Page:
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Nicole Mason

Mason, Nicole

Assistant Professor

517-432-4446
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David Mather

Mather, David

Assistant Professor, International Development

517 449 9694
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Robert J. Myers

Myers, Robert J.

University Distinguished Professor

517 432 3649
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David L. Ortega

Ortega, David L.

Assistant Professor

517 353 2981
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Maria Porter

Porter, Maria

International Development, Assistant Professor

517 355 2161
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Thomas Reardon

Reardon, Thomas

Professor, MSU Distinguished Faculty, and AAEA Fellow


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Robert Shupp

Shupp , Robert

Associate Professor

517 432 2754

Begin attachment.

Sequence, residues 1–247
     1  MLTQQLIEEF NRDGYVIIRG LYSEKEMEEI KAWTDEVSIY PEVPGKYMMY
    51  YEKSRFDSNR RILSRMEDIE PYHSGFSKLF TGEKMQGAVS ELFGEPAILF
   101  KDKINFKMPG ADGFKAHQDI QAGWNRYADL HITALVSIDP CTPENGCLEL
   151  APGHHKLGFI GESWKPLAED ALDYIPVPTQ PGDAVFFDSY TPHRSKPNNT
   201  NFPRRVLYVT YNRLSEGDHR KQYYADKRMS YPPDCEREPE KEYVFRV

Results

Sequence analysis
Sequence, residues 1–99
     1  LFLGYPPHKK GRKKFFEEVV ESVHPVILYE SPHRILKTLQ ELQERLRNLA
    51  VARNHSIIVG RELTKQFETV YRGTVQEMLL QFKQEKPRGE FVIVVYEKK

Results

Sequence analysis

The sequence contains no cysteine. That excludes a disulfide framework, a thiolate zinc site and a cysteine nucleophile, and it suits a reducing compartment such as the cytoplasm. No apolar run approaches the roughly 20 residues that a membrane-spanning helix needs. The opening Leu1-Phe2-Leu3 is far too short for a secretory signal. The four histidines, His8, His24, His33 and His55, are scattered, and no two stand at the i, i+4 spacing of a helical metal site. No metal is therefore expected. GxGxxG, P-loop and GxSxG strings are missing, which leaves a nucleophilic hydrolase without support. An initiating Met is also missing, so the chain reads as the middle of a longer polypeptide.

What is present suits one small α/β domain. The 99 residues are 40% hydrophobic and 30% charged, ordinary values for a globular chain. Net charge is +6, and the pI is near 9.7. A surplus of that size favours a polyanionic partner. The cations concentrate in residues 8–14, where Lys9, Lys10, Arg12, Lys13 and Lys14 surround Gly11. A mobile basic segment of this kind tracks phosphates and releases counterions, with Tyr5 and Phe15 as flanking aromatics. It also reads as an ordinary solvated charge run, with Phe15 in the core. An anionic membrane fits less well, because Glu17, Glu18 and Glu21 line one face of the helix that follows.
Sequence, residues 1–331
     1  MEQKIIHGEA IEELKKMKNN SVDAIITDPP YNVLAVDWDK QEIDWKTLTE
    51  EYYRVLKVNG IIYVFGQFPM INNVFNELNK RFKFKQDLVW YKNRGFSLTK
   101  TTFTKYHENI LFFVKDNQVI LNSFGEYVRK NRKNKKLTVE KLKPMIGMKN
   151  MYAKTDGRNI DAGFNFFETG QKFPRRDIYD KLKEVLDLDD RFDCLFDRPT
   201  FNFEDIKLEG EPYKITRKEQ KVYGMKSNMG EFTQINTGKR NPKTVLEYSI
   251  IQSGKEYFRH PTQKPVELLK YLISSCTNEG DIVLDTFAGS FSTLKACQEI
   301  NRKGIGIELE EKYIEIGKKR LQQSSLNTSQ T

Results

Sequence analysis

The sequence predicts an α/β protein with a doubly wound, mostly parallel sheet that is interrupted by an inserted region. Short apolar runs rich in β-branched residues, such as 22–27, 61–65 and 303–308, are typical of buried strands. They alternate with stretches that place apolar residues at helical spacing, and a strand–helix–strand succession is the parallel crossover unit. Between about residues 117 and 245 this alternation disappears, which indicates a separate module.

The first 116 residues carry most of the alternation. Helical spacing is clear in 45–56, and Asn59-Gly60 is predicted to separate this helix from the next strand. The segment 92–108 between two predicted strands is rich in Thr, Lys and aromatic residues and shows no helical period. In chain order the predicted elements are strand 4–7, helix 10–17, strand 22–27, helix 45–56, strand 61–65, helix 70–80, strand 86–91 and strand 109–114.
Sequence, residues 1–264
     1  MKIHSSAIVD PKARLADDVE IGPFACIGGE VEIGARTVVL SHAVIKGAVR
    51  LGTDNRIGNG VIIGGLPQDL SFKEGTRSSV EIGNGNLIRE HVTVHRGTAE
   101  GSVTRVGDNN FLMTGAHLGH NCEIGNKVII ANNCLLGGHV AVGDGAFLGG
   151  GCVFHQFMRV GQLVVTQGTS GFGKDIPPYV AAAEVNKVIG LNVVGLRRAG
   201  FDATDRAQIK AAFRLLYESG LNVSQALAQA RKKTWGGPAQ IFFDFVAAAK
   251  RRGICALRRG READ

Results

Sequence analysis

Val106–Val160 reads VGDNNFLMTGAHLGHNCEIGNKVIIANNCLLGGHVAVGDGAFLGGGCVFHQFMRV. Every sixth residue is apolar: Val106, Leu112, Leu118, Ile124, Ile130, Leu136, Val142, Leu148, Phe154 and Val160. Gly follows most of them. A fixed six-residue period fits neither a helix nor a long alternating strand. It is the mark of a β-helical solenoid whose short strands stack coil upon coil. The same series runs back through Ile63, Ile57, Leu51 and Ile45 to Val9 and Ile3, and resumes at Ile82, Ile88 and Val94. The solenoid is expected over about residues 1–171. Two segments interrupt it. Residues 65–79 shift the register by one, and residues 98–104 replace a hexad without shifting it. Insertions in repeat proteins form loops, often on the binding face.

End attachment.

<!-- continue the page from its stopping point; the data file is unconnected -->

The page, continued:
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Melinda Smale

Smale, Melinda

Professor, International Development

703 231 8492
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John M. Staatz

Staatz, John M.

Professor Emeritus

517 355 1519
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Véronique Thériault

Thériault, Véronique

Assistant Professor, International Development

517 353 7856
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David L. Tschirley

Tschirley, David L.

Professor, International Development

517 355 0134
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Dave D. Weatherspoon

517 353 9850